The Sanctity Of "You Stink"

(AP Photo/NBC)
Ever heard of "insult laws?"

The concept is simple. If I'm in the wrong country and write something like, "Politician X is stupid," then I can be sent to to jail for it.

Neat, huh?

The laws, which can be found in dozens of countries, "make it a crime to insult public officials, or in some cases, to insult any individual, group or religion," as Tony Mauro writes. And they're an effective way to keep journalists from looking too closely at what authority figures are up to – or from commenting negatively on their actions.

Imagine if we had something like this in America: After Scooter Libby gets his sentence commuted, Gawker points out that "A man who ended the career of a C.I.A. agent in an attempt to forestall criticism of manipulated and outright false intelligence designed to lead this country into a war it did not need to fight, and then lied about it, will spend less time in prison than Paris Hilton."


The Wall Street Journal writes that "Mr. Bush is evading responsibility for the role his Administration played in letting the Plame affair build into fiasco and, ultimately, this personal tragedy."


The Washington Post, Joe Wilson, Dick Durbin? Jail, jail, jail!

Get the idea?

Here, per Mauro, are some examples of how this has played out around the world:

*In Egypt, blogger Abdul Kareem Nabeel Suleiman is serving a four-year jail term for insulting Egyptian President Hosni Mubarak and for "contempt of religion."

*The Philippines' "first gentleman" Jose Miguel Arroyo, husband of President Gloria Macapagal-Arroyo, has sued more than 40 Philippine journalists under insult laws for reporting on allegations of corruption against him. Arroyo even sued one columnist for describing him as "the fat spouse," which Arroyo said was "obviously meant to denigrate me for my rotundity."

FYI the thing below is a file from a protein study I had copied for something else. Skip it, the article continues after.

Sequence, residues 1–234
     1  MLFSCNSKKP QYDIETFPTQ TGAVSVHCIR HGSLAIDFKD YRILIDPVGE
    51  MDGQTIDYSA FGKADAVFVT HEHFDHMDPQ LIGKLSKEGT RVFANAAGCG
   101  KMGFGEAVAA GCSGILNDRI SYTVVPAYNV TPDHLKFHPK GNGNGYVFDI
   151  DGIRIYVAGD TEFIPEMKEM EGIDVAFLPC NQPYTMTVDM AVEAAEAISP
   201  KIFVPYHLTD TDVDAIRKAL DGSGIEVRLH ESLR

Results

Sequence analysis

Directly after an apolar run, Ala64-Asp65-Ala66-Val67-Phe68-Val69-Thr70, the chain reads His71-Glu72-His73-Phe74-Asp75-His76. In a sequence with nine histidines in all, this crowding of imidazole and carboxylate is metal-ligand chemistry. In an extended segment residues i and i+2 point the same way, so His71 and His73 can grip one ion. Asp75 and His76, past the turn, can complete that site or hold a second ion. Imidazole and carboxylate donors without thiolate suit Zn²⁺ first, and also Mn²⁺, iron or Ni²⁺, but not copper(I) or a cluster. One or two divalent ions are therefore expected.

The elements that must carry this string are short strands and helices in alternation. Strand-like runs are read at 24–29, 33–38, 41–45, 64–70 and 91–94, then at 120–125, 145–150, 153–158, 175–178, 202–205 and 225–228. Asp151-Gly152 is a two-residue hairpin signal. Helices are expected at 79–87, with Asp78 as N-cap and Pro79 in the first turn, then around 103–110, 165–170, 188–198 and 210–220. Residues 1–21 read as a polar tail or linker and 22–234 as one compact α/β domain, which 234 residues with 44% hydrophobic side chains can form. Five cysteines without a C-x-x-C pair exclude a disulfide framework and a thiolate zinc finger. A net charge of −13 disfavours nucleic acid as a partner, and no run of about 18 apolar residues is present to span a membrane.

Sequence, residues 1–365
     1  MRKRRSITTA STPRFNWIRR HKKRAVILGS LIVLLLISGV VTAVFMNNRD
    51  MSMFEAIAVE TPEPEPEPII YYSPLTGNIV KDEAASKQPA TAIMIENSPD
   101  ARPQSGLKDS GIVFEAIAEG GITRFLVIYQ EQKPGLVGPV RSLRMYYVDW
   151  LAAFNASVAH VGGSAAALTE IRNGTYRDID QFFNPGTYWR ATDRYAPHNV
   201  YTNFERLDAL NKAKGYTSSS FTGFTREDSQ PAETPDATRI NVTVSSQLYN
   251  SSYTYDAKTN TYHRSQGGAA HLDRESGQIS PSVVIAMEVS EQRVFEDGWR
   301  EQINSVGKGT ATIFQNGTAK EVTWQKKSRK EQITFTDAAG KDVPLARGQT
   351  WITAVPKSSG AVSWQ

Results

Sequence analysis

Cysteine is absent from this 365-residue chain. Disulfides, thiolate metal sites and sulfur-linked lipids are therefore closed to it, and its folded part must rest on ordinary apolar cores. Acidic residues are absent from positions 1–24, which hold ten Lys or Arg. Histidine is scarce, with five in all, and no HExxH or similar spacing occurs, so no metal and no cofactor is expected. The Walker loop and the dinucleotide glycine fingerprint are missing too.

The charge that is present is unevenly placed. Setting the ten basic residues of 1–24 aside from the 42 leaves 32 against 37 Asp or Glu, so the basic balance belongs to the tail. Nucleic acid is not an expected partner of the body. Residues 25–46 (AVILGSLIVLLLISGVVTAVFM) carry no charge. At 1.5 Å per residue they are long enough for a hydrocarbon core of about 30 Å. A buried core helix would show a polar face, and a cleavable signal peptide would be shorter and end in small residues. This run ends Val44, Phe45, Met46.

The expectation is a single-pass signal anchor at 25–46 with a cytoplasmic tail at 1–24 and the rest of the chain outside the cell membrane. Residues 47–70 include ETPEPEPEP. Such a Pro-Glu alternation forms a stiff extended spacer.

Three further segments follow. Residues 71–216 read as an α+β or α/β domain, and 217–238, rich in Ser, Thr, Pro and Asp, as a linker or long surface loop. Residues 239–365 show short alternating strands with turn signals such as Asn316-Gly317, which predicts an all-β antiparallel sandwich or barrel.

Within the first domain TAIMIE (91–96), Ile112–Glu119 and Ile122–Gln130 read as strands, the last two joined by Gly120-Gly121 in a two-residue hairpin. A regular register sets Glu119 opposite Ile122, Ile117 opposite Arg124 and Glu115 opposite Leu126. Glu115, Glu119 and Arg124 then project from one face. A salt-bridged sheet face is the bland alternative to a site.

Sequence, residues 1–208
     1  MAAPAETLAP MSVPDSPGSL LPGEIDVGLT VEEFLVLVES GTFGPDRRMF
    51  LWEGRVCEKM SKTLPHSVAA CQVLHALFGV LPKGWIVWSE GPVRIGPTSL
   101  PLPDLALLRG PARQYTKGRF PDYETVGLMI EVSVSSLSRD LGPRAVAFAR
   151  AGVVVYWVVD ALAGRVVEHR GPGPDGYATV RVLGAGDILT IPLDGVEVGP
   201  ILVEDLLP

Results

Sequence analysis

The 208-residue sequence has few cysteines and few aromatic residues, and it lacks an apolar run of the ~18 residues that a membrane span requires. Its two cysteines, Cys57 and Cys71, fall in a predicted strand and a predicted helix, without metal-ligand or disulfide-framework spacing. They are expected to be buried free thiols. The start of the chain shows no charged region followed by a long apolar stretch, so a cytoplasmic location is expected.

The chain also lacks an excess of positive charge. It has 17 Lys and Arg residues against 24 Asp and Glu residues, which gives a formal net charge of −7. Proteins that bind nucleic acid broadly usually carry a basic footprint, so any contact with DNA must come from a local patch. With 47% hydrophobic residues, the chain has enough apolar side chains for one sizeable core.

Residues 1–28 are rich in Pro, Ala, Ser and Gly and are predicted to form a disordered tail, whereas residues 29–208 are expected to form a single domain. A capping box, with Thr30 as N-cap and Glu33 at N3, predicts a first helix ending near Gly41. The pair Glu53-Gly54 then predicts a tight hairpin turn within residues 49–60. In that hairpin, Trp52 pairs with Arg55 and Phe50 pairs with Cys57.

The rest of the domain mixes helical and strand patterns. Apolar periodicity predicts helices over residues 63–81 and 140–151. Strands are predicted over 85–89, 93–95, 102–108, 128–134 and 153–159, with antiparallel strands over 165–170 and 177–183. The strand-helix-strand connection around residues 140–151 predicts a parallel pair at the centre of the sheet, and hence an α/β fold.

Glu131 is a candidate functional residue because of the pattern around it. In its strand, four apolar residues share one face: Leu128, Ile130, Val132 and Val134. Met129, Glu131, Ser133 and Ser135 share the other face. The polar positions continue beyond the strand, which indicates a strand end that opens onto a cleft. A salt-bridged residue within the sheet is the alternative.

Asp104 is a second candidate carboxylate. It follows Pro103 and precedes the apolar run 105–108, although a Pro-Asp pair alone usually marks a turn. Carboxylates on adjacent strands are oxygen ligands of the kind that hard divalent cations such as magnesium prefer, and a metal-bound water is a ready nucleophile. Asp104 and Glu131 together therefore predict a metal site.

*Journalist Hrant Dink was murdered in Istanbul in January after being prosecuted repeatedly under a Turkish law that makes it a crime to insult "Turkishness."

The World Association of Newspapers and the World Editors Forum are now fighting these laws, with a focus on Africa, whose leaders are now meeting in Ghana. "The African press is crippled by a wide array of repressive measures, from the jailing and prosecution of journalists to the widespread scourge of 'insult laws' and criminal defamation," says WAN. It adds that insult laws are used "ruthlessly, to prevent critical appraisal of their performance and to deprive the public from information about their misdemeanours." In the first five months of this year, the laws "led to the harassment, arrest or imprisonment of 103 journalists in 26 African countries."

No matter where you come down on the Libby decision – and those on both the left and the right have certainly been vocal in their criticism – this is a stark reminder of how much worse things could be.